Strategic Philanthropy Is Making Foundations Less Responsive

Yesterday I spoke with a startup nonprofit about the frustrations of fund raising these days. They had a very exciting and well constructed plan but were having a lot of trouble landing a grant.  Every foundation they talked to had a specific focus, a detailed strategy, and a confined funding cycle.  They didn’t fit the plans and timelines, the answer was repeatedly ‘no.’
Admittedly, these guys are unique.  It’s an innovative post-sec option and there are not many foundations focused on that topic, but the conversation wasn’t unique. For many nonprofits, it seems to be harder to find a foundation willing to look at a proposal.  The shift to ‘strategic philanthropy’ over the last decade has, by design, made foundations less random and more selective.  The ‘professionalization’ of philanthropy has helped move the needle on some big challenges.
The development of philanthropic consulting services has clearly improved the impact of the sector.  Bridgespan, McKinsey, Parthenon, and others all regularly support the development of foundation strategic plans.  All of the big national foundations are smarter than they were a decade ago about measuring and investing for impact. However, the increased focus may have made the sector less responsive, less entrepreneurial, and more risk averse.
The increased focus on a strategic plan has made some foundations less capable of identifying and responding to a good idea that comes in over the transom–if it doesn’t fit the plan, it doesn’t get funded.  That’s part of the planned shift to be more selective and create a portfolio of aligned grants that result in a big shift in outcomes.  But it’s also creating more missed opportunities and, in some categories/areas, making it harder to launch innovative new programs.
Compared to strategic philanthropy, venture capital is highly responsive.  After picking categories, return-seeking venture investors typically sift through inbound funding requests in search of the best ideas and teams.  Much of philanthropy has chosen a wise elder strategy. Venture investing is a bet on the best of the market.  The former has the benefits of creating an aligned portfolio, the latter has the benefit of selecting a basket of high performers.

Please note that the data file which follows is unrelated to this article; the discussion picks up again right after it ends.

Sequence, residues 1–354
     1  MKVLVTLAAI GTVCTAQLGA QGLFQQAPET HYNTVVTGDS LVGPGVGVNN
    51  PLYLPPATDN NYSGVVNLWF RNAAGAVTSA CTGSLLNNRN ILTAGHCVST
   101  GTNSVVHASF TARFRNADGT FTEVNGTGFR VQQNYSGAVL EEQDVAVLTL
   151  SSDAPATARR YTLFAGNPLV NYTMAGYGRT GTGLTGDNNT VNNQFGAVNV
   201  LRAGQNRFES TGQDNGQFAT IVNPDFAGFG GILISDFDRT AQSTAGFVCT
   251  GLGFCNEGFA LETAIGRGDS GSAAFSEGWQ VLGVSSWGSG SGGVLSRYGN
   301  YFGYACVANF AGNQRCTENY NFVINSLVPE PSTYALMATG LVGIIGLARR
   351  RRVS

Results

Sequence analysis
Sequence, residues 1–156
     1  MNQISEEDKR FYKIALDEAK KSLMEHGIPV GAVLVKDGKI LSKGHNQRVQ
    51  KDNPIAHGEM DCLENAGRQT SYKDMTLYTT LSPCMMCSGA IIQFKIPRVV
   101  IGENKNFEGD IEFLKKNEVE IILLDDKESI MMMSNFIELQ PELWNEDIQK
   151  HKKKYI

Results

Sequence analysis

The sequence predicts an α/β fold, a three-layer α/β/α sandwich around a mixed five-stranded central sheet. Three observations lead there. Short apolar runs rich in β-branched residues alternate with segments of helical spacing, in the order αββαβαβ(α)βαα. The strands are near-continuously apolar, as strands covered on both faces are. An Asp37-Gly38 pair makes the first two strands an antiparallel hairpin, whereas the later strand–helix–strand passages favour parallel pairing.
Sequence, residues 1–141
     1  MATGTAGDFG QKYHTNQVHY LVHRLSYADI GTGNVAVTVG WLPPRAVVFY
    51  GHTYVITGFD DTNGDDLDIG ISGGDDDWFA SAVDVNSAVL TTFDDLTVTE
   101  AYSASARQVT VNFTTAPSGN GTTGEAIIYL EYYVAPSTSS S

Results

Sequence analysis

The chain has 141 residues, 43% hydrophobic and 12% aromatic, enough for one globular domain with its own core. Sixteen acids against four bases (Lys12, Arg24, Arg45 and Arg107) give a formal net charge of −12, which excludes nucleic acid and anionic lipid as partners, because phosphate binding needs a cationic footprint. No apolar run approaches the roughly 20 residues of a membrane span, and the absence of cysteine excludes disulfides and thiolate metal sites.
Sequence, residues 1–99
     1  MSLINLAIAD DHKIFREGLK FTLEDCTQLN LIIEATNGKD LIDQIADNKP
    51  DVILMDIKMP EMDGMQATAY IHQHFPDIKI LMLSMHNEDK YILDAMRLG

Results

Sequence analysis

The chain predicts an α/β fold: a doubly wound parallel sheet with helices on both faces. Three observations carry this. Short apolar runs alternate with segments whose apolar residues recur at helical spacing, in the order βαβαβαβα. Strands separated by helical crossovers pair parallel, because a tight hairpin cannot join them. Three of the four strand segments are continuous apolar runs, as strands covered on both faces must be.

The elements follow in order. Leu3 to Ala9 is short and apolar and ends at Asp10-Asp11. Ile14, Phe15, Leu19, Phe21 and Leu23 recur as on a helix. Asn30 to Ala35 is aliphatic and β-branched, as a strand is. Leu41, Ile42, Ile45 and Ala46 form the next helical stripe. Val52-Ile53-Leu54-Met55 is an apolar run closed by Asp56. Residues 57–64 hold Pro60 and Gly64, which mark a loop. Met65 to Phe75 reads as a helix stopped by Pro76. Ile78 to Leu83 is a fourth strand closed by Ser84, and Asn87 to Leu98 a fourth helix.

The attempt to be more strategic appears to be making some foundations less entrepreneurial.  In many foundations, very smart people have very little authority.  Proposed investments are bundled several times each year and presented to a board for approval. That limits the response time and latitude of what is often a talented and committed group of staffers.  The market is moving faster but foundations are moving slower.  If it doesn’t fit the plan and the proposal timeline, it doesn’t get funded.
It also appears that some foundation are taking less risk when they should be taking more risk. Philanthropy has two advantages over public and private capital, it can take a long view and it can take risk.  I see more of the former and less of the latter.
My young friends (in the opening paragraph) were basically told, “Come see us when you don’t need the money and we’ll help scale.”  Some foundations are leaving early stage investing and moving to the ‘growth capital’ stage where much of the risk has already been extracted from a deal.  Again, this has real benefits; the nonprofit world needs access to growth capital (both grants and debt), but there is a real sector cost when it comes at the expense of the startup space and support for real innovation.
Foundation risk aversion also makes grantees likely to abandon a good idea for a better idea. In venture investing, a good team will iterate to the best possible niche even if it’s very different than the original pitch. That doesn’t happen as often in philanthropy. Even when a grant recipient knows they are suboptimizing they will often stick with the grant program and agreement.  A more entrepreneurial approach to philanthropy might include milestone funding and periodic evaluation of alternative approaches.
Focus and measurement are key to high impact, but for philanthropy to have a shaping (not just responding) influence, it needs to be more dynamic.  Taking six months to build a three year plan just doesn’t make sense any more.  When innovation occurs in so many unexpected places, philanthropy needs to be more responsive.
There are ‘and/both’ solutions.  Foundations can balance constructed opportunities and responsive investments, they can delegate authority and budgets to act more entrepreneurially, and they can incorporate new investment strategies.  Specific examples include:

  • leaving room in the strategy for responsive investments
  • updating a three year strategy every year in a one month planning process
  • giving talented foundation staff the ability to make investments, particularly small seed investments
  • taking more risk by targeting a percentage of the portfolio for high risk bets–commit to fail more and learn more
  • creating or funding iterative development partnerships–short cycle R&D grants with milestone funding
  • using prizes to gain leverage, foster innovation, and pay for performance
  • investing a portion of the endowment in mission-related investments

A vibrant economy that promotes opportunity and equity requires a vibrant startup sector–both return seeking and impact seeking.  It’s time for strategic philanthropy 2.0–a basket of more dynamic, risk-taking, entrepreneurial approaches to making a difference.

Tom Vander Ark

Tom Vander Ark is the CEO of Getting Smart. He has written or co-authored more than 50 books and papers including Getting Smart, Smart Cities, Smart Parents, Better Together, The Power of Place and Difference Making. He served as a public school superintendent and the first Executive Director of Education for the Bill & Melinda Gates Foundation.

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